Too Many Willows

Marathon Girl and I are thinking about moving. No, we’re not heading to Texas, North Carolina, Colorado, or Arizona. Though the desire to move out of state is still there, we both enjoy my current job, benefits, coworkers, and other work-related perks too much to go elsewhere. We are, however, looking at buying a different home—one that’s a little bigger and more centrally located than our current home. We’re in the early stages of this process which means we’re just scoping out what homes are on the market and what the neighborhoods are like and discussing whether or not this is a step we want to take now or sometime next year. One of the things we’ve noticed while we drive from neighborhood to neighborhood is how the naming conventions of subdivisions and their streets are very similar. In Utah developers have lots of leeway when it comes to naming streets in the neighborhoods they build. For example a new subdivision named Mountain View Estates might have streets named after local mountains. The flexibility to name streets sometimes comes in handy when residents are opposed to a bunch of houses going up in their back yard. For example, a developer in my parents neck of the woods got the local residents involved in naming the subdivision and streets in that development in order to get more of them to support the development.

Despite this flexibility most subdivisions and streets tend to have similar themes. The consequence of this is that if you drive through enough of them looking at homes (as Marathon Girl and I have been doing lately) none of them tend to stand out. It’s made me think that if I ever had the money and desire to become a developer, I’d come up with street and subdivision different enough that maybe it would make it a bit more memorable—in a good way of course. Something like Proofrock Lane, Dickinson Drive, Hughes Avenue, or Yeats Boulevard. Okay, maybe there are better options but you get the point.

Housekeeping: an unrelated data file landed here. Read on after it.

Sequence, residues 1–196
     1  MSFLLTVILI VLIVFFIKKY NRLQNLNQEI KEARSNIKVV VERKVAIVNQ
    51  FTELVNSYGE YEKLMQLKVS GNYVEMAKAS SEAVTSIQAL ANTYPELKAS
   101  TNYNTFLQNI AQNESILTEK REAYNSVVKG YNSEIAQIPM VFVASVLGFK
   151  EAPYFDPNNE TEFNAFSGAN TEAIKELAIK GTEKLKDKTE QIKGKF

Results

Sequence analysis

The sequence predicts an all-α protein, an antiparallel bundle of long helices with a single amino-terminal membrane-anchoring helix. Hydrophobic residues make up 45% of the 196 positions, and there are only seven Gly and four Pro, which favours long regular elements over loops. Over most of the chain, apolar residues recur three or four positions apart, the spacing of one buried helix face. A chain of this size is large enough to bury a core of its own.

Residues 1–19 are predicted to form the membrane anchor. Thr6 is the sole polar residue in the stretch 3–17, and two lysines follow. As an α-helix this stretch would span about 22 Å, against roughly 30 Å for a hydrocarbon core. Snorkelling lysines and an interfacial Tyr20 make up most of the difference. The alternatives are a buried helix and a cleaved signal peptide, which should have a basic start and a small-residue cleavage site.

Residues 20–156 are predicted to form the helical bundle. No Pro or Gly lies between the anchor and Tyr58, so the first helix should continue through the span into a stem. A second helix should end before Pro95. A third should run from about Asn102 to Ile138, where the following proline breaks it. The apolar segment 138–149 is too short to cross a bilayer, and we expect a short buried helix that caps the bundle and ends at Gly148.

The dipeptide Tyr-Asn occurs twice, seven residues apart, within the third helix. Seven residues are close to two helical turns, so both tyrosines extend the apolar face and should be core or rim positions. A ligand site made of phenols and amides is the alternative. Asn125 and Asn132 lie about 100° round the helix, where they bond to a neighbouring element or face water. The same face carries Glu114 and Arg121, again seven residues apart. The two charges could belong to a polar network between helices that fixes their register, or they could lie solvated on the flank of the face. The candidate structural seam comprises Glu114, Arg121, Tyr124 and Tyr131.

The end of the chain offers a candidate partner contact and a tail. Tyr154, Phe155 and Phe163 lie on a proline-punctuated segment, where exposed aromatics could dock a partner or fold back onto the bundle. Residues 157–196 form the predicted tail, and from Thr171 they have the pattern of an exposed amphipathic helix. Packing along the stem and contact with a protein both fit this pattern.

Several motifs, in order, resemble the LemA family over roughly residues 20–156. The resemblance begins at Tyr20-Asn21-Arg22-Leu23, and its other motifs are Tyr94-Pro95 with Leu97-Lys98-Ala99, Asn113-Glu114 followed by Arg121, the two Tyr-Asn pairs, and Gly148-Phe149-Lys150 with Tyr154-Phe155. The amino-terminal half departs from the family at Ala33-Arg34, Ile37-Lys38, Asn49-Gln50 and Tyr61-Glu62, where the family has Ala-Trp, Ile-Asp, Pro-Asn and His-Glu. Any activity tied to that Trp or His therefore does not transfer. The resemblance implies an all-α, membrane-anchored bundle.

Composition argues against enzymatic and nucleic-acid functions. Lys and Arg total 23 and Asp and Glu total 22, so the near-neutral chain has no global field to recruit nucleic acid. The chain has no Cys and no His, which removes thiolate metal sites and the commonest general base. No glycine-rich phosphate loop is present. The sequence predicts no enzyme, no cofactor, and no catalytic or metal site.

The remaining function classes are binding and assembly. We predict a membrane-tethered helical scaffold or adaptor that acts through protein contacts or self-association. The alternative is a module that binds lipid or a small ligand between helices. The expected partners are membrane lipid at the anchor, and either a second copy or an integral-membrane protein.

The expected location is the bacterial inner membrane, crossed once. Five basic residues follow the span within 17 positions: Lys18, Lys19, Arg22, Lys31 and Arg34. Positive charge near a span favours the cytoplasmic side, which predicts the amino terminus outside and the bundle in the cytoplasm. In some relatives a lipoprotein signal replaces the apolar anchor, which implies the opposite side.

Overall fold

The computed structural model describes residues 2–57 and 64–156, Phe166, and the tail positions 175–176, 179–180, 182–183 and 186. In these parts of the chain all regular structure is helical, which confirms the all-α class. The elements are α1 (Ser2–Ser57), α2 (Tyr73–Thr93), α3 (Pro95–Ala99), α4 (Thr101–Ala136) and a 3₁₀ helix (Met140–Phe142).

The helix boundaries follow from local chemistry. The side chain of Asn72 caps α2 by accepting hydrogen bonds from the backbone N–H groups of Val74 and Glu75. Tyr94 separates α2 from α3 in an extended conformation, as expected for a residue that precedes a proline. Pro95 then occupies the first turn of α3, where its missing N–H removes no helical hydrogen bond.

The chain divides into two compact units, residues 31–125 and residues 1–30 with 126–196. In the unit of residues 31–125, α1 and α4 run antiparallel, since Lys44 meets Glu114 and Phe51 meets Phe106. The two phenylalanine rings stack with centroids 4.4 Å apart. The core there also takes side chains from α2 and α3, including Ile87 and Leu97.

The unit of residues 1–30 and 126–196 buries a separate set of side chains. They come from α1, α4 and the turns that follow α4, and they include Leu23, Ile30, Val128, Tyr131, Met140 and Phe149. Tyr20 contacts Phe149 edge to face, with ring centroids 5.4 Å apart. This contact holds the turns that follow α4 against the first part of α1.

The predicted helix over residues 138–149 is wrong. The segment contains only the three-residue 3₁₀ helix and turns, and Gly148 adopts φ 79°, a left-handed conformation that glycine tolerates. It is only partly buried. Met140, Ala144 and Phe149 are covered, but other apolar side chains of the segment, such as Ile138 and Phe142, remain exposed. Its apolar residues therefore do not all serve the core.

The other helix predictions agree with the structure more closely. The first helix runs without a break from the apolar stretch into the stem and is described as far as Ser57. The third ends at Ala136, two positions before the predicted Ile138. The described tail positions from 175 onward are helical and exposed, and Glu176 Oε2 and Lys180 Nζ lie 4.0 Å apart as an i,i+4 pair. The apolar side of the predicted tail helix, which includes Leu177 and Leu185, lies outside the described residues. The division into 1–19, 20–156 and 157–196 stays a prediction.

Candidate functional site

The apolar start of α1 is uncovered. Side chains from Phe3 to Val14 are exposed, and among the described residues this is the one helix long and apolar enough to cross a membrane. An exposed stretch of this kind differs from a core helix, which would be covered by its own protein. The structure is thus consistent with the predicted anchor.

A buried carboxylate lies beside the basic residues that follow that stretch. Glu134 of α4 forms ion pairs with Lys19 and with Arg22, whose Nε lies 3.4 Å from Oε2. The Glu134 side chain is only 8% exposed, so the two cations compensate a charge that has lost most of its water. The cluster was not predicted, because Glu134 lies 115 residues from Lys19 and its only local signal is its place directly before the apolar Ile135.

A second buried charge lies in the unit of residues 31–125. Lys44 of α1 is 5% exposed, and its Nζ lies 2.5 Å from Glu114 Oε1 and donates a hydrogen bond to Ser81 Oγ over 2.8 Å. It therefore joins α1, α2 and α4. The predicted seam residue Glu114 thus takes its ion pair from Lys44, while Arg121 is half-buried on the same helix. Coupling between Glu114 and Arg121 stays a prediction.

Last week the similar-named subdivision monotony was broken when we checked out a home in a subdivision named Willow Place. It quickly became apparent that the developer had a thing for willows. Streets were named Willow Way, Willow Drive, Willow Patch, Willow Sprout, Willow Pod, Willow Reed and so on. (We might have even passed by a Willow Park, I think.) What was at first something kind of quirky and different quickly became annoying as navigating our way through the neighborhood became difficult because the streets were so similarly named. Though we were finally able to find the house in question, by the time we found it we decided that it wasn’t worth living in a neighborhood that was so confusing to drive around.

The incident made me appreciate most other themed street names. As bland as they may be, most builders seem to have the sense to at least diversify the naming conventions to make them easy to navigate. Still, there has to be a happy middle ground--one

Angelou Avenue, anyone?